- ensuring you are getting adequate vitamin C (which assists iron absorption), and
- reducing phytates, oxalates, and lectins (e.g., grains and legumes).
Can You Get Too Much Iron?
Iron is one nutrient that menstruating women require significantly more of. However, men who tend not to bleed as frequently in the modern day are more prone to accumulating excessive amounts of iron. This condition is known as haemochromatosis or iron overload, and it affects around one in three hundred people.
While adequate iron helps you manage oxidation, excess iron can bind to proteins and act as a pro-oxidant. Here, it causes your tissues to oxidise (or rust).
If left untreated, the excess iron can increase your risk of diabetes, liver cirrhosis, heart disease, neurodegeneration, and a host of other chronic diseases.
Symptoms of Iron Overload
Symptoms of iron overload include:
- pain in the joints, chest, or abdomen,
- sexual and menstrual problems,
- low sex drive,
- hyperpigmentation of the skin,
- high cholesterol, and
Although men seem to have a greater risk of developing haemochromatosis, you should watch for elevated ferritin levels, regardless of whether you are male or female. If they are high, consider regular blood donations. Blood donation is not just good for you. It could be a matter of life or death for someone in need.
What Foods to Avoid if You Have Hemochromatosis
- Iron toxicity and its symptoms can be improved by ensuring you are getting a nutrient-dense diet overall, particularly adequate niacin, tryptophan, zinc, manganese, copper, and lipoic acid.
- To support your body against hemochromatosis, it can be helpful to decrease your intake of high-iron foods like red meat and organ meats.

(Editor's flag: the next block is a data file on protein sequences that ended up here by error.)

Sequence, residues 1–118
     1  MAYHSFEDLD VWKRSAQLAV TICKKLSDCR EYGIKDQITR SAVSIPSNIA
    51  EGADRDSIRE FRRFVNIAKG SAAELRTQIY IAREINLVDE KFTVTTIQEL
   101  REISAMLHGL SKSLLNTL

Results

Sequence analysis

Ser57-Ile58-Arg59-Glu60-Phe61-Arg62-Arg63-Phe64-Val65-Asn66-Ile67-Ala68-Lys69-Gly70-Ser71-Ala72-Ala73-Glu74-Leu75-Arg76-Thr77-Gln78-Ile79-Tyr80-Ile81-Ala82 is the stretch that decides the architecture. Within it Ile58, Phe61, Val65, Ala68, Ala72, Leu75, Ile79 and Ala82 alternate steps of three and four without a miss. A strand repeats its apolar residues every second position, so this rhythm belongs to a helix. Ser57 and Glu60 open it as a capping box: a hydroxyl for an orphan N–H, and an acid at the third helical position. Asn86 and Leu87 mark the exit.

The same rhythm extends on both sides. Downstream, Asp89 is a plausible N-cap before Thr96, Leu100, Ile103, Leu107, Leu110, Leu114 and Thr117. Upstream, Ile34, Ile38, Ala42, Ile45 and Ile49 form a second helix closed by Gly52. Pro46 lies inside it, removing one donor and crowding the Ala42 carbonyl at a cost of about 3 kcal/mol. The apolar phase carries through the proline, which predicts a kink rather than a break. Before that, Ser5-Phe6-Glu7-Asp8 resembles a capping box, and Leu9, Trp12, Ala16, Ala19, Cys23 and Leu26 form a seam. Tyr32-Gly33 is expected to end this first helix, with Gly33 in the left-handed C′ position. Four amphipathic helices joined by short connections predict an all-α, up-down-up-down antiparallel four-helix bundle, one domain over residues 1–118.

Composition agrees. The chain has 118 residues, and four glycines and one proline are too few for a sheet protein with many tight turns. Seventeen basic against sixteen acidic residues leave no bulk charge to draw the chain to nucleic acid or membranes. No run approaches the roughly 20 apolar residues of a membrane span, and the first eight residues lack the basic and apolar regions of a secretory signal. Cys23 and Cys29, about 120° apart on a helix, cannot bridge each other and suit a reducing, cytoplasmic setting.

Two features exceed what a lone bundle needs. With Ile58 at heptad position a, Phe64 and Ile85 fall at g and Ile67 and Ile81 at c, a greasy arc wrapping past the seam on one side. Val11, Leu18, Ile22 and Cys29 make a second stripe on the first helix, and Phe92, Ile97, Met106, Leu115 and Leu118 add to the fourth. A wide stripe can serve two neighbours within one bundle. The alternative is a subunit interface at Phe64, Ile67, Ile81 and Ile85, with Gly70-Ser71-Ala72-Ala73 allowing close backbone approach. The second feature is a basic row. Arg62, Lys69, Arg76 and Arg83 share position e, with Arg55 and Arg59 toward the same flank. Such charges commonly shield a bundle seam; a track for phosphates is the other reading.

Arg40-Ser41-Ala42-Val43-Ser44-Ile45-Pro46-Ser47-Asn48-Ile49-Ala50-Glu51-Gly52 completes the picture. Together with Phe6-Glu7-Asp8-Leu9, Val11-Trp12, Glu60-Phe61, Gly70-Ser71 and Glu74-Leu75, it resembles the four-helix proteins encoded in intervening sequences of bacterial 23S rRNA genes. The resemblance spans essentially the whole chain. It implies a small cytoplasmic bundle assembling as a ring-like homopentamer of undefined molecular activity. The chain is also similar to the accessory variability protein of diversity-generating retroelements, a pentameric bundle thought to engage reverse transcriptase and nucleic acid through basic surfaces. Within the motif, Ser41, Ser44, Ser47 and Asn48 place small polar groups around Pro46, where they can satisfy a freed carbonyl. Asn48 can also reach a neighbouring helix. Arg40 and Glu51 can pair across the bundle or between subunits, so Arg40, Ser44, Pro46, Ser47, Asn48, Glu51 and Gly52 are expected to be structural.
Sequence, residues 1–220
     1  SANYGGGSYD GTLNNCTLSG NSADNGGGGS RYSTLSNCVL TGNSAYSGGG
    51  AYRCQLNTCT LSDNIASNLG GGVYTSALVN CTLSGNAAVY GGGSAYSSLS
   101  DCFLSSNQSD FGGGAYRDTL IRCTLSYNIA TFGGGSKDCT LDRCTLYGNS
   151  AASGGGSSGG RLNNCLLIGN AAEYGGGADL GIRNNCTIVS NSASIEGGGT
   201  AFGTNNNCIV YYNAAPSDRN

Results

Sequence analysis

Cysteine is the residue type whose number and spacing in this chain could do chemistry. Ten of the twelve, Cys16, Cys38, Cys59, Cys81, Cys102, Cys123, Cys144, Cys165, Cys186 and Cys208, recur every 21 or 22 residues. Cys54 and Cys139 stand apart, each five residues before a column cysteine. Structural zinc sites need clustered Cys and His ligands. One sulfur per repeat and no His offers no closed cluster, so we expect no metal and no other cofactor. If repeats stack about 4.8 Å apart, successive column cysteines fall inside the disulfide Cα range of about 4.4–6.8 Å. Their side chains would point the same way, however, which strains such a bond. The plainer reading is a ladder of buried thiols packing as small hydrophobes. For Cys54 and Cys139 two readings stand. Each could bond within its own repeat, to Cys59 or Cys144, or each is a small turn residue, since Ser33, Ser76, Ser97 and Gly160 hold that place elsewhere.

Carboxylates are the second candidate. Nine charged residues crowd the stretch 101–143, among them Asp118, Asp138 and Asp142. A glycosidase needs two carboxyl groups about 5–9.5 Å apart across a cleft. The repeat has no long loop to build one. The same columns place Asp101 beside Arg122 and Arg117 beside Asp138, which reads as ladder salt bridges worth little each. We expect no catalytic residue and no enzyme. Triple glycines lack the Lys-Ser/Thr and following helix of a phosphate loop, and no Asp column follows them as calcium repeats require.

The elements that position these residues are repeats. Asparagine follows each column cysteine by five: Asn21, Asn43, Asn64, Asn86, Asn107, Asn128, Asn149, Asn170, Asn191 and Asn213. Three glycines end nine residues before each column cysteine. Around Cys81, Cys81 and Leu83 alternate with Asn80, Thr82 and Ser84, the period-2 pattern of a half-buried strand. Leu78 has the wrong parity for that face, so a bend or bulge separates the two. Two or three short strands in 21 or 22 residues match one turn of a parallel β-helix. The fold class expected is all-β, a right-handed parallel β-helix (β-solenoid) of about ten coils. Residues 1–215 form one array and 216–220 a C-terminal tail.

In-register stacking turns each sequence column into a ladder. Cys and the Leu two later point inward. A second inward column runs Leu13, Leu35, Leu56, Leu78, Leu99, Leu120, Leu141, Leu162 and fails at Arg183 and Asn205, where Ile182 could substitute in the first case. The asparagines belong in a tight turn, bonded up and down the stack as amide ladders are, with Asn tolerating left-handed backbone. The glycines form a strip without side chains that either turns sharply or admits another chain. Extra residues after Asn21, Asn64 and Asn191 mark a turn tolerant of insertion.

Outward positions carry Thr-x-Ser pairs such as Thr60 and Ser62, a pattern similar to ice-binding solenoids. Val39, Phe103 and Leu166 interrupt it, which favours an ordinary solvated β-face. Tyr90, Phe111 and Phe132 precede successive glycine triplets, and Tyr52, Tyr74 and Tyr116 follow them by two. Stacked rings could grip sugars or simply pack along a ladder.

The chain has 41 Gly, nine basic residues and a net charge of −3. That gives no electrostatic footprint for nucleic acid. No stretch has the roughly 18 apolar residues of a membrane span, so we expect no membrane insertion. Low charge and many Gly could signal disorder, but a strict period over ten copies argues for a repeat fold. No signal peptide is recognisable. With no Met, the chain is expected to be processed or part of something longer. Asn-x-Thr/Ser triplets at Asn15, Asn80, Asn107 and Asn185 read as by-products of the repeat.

- Avoiding the consumption of vitamin C alongside iron-rich meals can decrease the amount of iron you’ll absorb.
- Reducing your intake of bread, cakes, cereals, and cookies fortified with iron can remove a considerable amount of iron from the diet.
If you have high ferritin levels, you can flag this in your settings Nutrient Optimiser to de-emphasise dietary iron. But in reality, it can be difficult to significantly reduce iron in your diet without compromising many other nutrients, so you should only de-prioritise a nutrient if you have test results showing your levels are high.
In the Micros Masterclass, we use Nutrient Optimiser to prioritise foods and meals that contain your priority nutrients. So, if you are already getting plenty of iron, the foods and meals prioritised for you will contain less iron.
What Foods to Eat if You Have Hemochromatosis
While ‘antinutrients’ are often seen as ‘bad’ for health, this is where incorporating more oxalate, lectin, and phytate-containing foods (if you tolerate them) can actually be helpful to manage hemochromatosis as they are known to inhibit iron absorption.
- Consuming foods higher in calcium and copper can also help decrease iron levels and its uptake.
- Coffee and tea contain tannins which help to inhibit the absorption of iron.
- Consuming more fish, white meat (as in chicken), and plant proteins can decrease your dietary iron while still supplying you with ample, bioavailable protein.
- Proteins found in eggs are known to inhibit the absorption of iron, which can be helpful for someone looking to reduce their iron levels.
- Because the liver is in charge of recycling this micromineral, supporting the liver is often essential to regulating iron stores. So, working to have great overall health and excellent liver function is a crucial part of making sure your body can get rid of the iron it doesn’t require.
Excess iron intake can affect zinc absorption. If your dietary ratio of iron:zinc is greater than 2:1, your zinc absorption will be reduced. For this reason, look to prioritise foods with favourable zinc: iron ratios or ensure your intake of zinc is sufficient. This is especially important for vegans and vegetarians.